Each day a student is in school, the school receives funding - a cost savings is realized with a reduction in absenteeism and drop out rates.
"The reality is that districts of all shapes and sizes, all over the country and the world, have found ways to run at safe, healthy hours. While none of these ways is identical, each of them shares one critical element: they regard start times that allow students to get healthy sleep to be critical."
"Many districts poll communities about changing schedules. This can be a great way to identify potential concerns. But offering “no change” as an option is a great way to kill change of any sort. Our natural “status quo bias” leads us overestimate the cost of any change while overlooking the cost of keeping things the way they are.
Assuming the district has already set a goal of starting school later, keeping the status quo has to be off the table. Again, since the goal has been set, the question is no longer whether to change, but how."
"Time and time again, a district that does not particularly want to change bell times will generate a sky-high figure about the cost of change, usually involving adding new buses.
Interestingly, when these estimates are reconsidered by a district committed to the change— sometimes with the help of routing software and always with the help of creative thinking and political will—these numbers often if not always plummet.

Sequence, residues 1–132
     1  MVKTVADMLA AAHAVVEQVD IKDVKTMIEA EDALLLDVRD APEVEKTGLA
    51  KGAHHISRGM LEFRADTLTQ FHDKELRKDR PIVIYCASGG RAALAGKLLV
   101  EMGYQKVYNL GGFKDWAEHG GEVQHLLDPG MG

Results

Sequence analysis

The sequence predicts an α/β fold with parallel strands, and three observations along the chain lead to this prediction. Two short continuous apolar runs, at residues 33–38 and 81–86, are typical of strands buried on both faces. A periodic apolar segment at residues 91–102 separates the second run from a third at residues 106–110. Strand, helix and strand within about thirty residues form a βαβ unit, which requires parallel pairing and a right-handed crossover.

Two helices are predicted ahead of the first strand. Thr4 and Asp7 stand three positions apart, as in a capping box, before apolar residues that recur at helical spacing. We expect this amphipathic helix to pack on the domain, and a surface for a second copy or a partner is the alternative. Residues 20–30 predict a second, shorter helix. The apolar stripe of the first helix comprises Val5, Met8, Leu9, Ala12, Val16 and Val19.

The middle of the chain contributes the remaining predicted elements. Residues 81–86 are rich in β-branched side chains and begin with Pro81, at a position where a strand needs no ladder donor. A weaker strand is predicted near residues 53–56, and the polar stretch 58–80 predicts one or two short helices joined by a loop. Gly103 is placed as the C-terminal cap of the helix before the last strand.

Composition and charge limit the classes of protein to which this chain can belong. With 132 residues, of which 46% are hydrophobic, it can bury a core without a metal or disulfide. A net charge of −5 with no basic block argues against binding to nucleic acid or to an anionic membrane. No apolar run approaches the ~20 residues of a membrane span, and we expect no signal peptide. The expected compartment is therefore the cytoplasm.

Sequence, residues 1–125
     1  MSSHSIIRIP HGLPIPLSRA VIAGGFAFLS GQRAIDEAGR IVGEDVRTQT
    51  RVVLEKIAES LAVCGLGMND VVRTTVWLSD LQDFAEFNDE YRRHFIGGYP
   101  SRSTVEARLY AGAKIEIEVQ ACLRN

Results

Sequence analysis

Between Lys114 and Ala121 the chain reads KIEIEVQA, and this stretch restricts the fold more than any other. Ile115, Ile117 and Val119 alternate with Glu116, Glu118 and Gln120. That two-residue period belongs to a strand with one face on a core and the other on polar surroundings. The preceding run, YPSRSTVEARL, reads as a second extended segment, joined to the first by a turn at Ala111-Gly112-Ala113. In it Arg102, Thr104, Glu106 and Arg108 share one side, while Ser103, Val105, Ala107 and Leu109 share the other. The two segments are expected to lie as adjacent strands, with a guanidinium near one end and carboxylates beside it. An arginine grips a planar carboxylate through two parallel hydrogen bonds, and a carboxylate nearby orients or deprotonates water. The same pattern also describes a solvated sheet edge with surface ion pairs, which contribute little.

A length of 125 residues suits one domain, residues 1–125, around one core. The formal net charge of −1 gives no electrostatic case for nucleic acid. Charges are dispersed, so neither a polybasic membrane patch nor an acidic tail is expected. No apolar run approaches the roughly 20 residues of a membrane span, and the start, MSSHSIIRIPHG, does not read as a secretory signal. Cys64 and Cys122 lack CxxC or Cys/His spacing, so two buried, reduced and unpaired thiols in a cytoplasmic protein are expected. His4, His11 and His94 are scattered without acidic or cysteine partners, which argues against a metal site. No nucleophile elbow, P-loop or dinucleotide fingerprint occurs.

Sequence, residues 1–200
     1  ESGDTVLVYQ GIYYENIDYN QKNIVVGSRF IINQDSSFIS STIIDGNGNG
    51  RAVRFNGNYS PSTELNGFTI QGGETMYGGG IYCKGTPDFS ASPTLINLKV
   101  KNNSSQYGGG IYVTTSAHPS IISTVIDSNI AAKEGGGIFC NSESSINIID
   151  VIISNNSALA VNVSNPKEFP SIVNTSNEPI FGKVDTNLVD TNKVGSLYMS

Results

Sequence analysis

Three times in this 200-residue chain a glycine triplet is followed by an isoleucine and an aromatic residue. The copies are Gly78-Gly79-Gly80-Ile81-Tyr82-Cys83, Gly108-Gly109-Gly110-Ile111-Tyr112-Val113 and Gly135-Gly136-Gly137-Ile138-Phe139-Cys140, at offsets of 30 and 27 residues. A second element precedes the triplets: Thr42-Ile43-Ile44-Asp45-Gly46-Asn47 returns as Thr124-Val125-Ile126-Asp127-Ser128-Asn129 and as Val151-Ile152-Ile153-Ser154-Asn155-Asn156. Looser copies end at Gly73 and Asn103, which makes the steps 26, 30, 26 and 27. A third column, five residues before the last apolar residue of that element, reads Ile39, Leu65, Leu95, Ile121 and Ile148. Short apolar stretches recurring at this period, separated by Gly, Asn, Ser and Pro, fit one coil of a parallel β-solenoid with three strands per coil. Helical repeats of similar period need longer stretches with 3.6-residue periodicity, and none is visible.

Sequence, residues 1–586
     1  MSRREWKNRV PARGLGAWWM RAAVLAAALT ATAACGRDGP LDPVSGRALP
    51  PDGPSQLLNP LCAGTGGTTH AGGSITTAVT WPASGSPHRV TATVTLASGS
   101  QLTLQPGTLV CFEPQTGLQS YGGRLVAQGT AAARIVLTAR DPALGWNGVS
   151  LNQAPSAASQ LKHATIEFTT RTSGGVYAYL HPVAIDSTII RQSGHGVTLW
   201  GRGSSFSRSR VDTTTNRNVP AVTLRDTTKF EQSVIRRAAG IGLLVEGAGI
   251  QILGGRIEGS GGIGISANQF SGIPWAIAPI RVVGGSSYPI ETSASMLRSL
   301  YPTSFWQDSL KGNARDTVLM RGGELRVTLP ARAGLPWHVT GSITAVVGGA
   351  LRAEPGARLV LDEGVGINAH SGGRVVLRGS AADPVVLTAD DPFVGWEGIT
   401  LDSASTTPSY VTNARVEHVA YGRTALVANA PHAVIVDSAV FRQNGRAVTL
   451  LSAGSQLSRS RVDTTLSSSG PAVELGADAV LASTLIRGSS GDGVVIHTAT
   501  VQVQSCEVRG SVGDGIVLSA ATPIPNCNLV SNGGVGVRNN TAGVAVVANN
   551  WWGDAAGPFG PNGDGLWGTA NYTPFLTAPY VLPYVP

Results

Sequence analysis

In fact, there is almost always a no-cost (and sometimes cost-saving) way to start schools at later, healthier times. Finding it just means reassessing priorities."
Quoted article - additional insight in THIS LINK.
Dr. Valerie Crabtree Pediatric Psychologist addressed the Collierville School Board in support of a later school start time for the health of adolescents and teens. (Sept. 2018 meeting)
Kathi read scholarship submissions to the board - real examples of teens driving drowsy and how it impacted their lives.
Teens don't get enough sleep, and it's not because of Snapchat, social lives or hormones -- it's because of public policy, says Wendy Troxel. Drawing from her experience as a sleep researcher, clinician and mother of a teenager, Troxel discusses how early school start times deprive adolescents of sleep during the time of their lives when they need it most.